Thursday, April 26, 2007

County Meath, north of Dublin

It was a lovely, sunny day today in Ireland. I took a trip to the County Meath, north of Dublin, to visit the NewGrange passage tomb, a 3,400 year old neolithic tomb in the countryside. It was a great day, I learned lots about the history of Ireland, from the Celts to the Vikings to the Anglo-Normans, all very richly embodied in this sweet little county.

The NewGrange Passage Tomb, a UNESCO World Heritage Site. Archealogists believe it took anywhere from 5-50 years to build. It housed the ashes of only the most important leaders of those people living in Ireland at the time. It was discovered by a local farmer in 1699, and restored from 1962-75. Just above the entrance there is a roofbox that lets the sun in on the winter solstice, the only time the passageway and inner tomb would ever see any light. It's a testament to the builders, engineers, designers and workers that the roof has never leaked, so that the inner tomb hasn't seen water for 3,400 years.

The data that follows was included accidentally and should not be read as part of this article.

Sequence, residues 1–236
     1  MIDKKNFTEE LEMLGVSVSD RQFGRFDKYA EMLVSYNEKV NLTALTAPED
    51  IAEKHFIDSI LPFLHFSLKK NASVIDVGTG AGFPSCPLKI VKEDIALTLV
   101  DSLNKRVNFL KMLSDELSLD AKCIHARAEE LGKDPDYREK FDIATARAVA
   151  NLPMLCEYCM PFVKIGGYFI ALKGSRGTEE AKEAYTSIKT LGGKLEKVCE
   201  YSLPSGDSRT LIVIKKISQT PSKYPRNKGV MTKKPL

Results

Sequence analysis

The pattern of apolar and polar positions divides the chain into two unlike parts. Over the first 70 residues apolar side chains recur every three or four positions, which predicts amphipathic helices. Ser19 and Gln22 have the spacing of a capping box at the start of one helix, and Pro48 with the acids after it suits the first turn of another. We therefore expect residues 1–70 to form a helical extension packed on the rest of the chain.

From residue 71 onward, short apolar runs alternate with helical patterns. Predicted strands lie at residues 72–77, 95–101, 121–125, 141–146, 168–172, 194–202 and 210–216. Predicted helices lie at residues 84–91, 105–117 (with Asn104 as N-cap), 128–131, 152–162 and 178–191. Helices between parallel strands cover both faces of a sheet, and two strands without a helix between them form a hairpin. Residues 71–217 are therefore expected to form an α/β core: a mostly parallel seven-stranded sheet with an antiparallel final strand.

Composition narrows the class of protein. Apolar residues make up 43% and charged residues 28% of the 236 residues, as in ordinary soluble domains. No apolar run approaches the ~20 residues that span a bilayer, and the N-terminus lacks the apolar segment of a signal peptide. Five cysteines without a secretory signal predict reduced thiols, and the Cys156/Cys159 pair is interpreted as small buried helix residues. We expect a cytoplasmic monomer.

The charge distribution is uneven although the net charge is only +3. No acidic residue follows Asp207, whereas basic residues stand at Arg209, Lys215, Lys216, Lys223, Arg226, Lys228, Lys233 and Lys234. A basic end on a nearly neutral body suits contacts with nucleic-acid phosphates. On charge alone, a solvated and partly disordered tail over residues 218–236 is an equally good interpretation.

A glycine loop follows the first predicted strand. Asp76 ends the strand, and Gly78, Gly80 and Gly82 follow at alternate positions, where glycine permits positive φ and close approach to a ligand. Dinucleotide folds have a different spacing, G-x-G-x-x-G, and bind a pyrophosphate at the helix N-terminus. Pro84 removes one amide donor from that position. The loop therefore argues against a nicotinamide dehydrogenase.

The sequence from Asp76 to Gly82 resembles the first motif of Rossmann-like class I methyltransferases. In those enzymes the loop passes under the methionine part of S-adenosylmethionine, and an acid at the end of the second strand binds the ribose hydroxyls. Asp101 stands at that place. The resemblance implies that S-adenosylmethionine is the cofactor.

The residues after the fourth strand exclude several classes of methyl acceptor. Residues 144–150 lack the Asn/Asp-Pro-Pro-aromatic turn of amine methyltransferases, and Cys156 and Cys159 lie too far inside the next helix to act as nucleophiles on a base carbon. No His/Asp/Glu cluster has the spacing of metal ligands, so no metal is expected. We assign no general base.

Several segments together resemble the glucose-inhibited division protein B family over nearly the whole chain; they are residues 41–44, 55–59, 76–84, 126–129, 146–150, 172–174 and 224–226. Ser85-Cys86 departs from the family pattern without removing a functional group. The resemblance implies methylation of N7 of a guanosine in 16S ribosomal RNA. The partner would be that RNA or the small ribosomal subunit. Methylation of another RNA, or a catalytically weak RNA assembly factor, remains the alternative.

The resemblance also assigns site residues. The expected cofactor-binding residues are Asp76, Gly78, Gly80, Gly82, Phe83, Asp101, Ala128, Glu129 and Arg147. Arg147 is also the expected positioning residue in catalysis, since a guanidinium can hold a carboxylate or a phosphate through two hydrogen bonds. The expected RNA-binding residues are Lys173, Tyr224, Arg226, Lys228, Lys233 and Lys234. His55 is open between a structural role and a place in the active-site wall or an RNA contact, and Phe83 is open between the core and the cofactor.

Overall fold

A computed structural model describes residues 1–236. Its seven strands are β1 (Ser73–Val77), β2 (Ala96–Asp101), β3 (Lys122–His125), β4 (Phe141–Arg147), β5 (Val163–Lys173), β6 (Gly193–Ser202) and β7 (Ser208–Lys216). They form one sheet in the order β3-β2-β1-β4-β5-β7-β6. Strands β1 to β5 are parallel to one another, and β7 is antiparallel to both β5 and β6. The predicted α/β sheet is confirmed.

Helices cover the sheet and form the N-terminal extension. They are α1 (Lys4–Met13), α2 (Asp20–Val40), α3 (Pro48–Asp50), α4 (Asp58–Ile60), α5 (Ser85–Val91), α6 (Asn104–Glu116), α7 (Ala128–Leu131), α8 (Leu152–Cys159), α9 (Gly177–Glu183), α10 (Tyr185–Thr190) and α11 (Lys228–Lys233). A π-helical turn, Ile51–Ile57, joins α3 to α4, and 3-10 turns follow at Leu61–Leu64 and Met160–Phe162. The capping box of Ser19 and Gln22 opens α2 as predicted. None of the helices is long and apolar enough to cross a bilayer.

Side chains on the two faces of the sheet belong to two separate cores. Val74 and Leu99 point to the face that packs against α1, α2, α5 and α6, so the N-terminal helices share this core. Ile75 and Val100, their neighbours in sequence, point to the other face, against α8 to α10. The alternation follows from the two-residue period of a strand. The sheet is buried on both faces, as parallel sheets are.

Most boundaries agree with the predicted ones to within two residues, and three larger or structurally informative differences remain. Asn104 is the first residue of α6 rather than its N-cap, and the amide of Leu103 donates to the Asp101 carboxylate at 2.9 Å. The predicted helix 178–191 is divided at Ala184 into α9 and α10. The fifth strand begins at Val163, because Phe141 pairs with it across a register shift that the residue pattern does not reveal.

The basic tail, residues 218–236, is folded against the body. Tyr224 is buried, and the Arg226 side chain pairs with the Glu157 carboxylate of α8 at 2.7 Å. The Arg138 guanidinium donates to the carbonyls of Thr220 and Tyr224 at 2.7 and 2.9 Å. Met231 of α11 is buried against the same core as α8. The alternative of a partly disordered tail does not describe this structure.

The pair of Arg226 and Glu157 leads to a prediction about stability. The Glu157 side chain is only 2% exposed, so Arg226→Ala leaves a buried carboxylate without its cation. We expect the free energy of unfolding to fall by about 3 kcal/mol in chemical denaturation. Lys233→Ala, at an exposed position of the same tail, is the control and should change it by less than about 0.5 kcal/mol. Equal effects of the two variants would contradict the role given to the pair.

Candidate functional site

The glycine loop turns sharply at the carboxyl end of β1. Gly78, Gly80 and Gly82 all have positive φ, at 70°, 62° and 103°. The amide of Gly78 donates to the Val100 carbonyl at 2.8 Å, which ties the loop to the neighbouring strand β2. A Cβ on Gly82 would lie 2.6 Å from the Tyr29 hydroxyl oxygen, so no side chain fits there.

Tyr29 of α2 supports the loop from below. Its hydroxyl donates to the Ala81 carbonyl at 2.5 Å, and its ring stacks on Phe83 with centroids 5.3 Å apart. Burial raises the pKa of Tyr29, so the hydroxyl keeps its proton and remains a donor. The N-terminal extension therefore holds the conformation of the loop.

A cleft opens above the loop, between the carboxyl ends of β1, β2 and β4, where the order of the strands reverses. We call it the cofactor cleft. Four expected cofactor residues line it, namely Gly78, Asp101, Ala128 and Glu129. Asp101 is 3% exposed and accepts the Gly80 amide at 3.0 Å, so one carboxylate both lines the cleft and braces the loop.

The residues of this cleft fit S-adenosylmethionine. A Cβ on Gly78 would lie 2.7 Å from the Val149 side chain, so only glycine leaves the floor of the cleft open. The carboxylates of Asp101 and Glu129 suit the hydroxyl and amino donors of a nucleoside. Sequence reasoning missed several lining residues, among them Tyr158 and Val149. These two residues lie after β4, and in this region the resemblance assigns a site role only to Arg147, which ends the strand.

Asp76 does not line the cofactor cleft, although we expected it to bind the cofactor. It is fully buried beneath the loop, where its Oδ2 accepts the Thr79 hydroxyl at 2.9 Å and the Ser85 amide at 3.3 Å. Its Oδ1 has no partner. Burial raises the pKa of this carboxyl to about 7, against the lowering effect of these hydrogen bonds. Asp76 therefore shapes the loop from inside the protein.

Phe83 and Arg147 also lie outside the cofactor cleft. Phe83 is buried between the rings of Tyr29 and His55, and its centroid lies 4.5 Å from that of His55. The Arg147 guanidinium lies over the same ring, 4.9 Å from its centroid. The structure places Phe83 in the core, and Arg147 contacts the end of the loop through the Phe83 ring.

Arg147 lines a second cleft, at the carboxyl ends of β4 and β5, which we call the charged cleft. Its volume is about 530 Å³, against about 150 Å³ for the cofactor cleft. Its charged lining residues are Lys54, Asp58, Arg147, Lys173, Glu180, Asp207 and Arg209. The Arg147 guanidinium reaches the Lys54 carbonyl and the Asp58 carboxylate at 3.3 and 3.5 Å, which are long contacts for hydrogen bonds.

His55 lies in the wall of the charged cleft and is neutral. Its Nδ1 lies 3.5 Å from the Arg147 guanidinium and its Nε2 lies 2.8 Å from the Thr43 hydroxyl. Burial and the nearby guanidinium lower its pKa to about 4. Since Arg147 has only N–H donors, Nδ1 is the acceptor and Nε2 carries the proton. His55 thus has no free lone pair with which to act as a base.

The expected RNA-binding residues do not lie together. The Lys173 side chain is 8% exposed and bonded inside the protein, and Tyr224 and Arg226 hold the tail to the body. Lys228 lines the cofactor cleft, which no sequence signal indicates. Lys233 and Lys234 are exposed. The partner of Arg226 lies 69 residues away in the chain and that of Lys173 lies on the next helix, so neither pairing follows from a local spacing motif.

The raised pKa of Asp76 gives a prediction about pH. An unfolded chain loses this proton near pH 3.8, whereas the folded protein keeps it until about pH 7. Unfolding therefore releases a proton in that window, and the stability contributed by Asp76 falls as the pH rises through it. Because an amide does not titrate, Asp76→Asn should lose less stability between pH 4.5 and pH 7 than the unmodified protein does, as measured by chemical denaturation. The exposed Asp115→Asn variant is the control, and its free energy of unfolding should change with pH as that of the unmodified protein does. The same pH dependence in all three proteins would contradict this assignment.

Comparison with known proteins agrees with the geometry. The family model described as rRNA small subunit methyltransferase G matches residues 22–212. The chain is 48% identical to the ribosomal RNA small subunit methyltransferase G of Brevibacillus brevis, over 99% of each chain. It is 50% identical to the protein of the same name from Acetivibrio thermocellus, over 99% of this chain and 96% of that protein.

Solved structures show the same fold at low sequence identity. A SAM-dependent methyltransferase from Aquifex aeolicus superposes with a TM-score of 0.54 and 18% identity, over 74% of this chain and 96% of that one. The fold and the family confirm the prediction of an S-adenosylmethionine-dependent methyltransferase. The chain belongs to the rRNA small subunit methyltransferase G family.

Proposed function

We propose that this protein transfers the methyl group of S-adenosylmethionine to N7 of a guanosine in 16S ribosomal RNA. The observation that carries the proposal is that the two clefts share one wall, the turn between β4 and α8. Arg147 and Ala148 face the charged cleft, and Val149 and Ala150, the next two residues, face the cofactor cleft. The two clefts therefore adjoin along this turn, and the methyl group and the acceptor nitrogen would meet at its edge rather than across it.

A view of some grave markers around the tomb.

A building just below the main tomb. Notice the stone fence in the background.